Business filings indicate Colorado positioned for recovery

Phil Castle, The Business Times

Richard Wobbekind
Jena Griswold

The latest numbers for business filings in Colorado offer encouragement the state is well-positioned to recover from the coronavirus pandemic. It remains uncertain, however, how long recovery could take.

“We still have a long, long way to go,” said Richard Wobbekind, a senior economist and faculty director of the Leeds School of Business at the University of Colorado at Boulder.

According to a report compiled by the Leeds Business Research Division based on statistics from the Colorado Secretary of State’s office, initial filings of new companies, corporations, nonprofit organizations and other entities dropped during the second quarter compared to the same span last year. But renewals by existing businesses and other entities increased.

Jena Griswold, Colorado secretary of state, said the numbers bode well for the state economy. “We’re faring better overall than the national economy.”

A total of 31,221 new entity filings were recorded during the second quarter of this year. That’s a decrease of nearly 7.8 percent from the first quarter and 1.7 percent from the second quarter of last year. While new entity filings typically decline during the second quarter, Wobbekind and Griswold also attributed the latest drop to the effects of the coronavirus pandemic and related closures and restrictions.

A total of 152,420 renewals for existing entities were recorded for the second quarter of this year. That’s an 11.5 percent decrease from the first quarter, but a 12.2 percent increase over the second quarter of last year. Filings for trademarks and trade names also increased on a year-over-year basis. “This is very encouraging,” Wobbekind said.

Still, dissolution filings also increased during the second quarter — up to 5.2 percent to 8,659.

The overall number of companies, corporations, nonprofits and other entities in operation continues to increase. For the second quarter, there were 757,612 entities in good standing. That’s an increase of 4.2 percent over the same quarter last year.

Other economic indicators also reflect the effects of the pandemic and the outlook for recovery, Wobbekind  and Griswold said.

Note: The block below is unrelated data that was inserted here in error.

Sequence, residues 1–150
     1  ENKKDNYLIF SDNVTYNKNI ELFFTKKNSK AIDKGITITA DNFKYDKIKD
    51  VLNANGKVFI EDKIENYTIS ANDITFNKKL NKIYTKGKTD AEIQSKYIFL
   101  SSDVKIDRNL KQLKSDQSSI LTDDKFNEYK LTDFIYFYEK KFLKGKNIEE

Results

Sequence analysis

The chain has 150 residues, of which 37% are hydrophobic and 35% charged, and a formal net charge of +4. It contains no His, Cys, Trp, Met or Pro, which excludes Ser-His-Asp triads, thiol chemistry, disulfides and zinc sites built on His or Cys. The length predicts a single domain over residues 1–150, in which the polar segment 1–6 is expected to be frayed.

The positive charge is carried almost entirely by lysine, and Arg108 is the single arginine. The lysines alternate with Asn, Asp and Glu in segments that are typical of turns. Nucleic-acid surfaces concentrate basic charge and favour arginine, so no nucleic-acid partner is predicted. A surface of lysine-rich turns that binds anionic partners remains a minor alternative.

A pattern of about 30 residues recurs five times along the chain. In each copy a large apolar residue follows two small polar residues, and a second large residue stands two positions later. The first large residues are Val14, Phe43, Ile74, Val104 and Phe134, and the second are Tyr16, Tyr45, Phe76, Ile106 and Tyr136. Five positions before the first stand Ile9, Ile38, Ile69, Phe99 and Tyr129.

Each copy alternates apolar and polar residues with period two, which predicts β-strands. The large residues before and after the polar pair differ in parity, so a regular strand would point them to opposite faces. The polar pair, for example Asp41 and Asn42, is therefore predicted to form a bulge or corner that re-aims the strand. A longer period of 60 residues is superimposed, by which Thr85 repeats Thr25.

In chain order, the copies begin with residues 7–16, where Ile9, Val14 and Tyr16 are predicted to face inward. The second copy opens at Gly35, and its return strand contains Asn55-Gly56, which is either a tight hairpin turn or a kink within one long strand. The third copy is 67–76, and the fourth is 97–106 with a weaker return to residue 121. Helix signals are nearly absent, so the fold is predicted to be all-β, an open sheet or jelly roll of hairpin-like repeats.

For June, the latest month for which estimates are available, the statewide seasonally adjusted unemployment rate increased three-tenths of a point to 10.5 percent.

Since May, Colorado payrolls have regained 126,000 of the 343,300 jobs lost between February and April. Compared to a year ago, though, payrolls have decreased 183,000 with the biggest losses in the leisure and hospitality; trade, transportation and utilities; and education and health services sectors.

Griswold said Paycheck Protection Program loans helped businesses keep more people employed.

Both Griswold and Wobbekind called for additional federal stimulus to help businesses and individuals.

Wobbekind said some sectors were more affected the pandemic than others. But every sector has been affected. “Nothing has gone unscathed.”

The Leeds Business Confidence Index, a measure of optimism among business leaders cross Colorado,  rebounded to 44.3 for the third quarter. That’s up 14.6 points from a record low 29.7 for the second quarter. However, readings below 50 reflect more negative than positive responses.

Griswold said the prospect for recovery depends on a number of factors, not the least of which is management of the coronavirus. But the Colorado economy is diverse and Coloradans resilient, she said.

Wobbekind said one silver lining for Mesa County and other  areas of the state could be increased interest among businesses in relocating to less urban settings. “This could be very promising for some rural areas of Colorado.”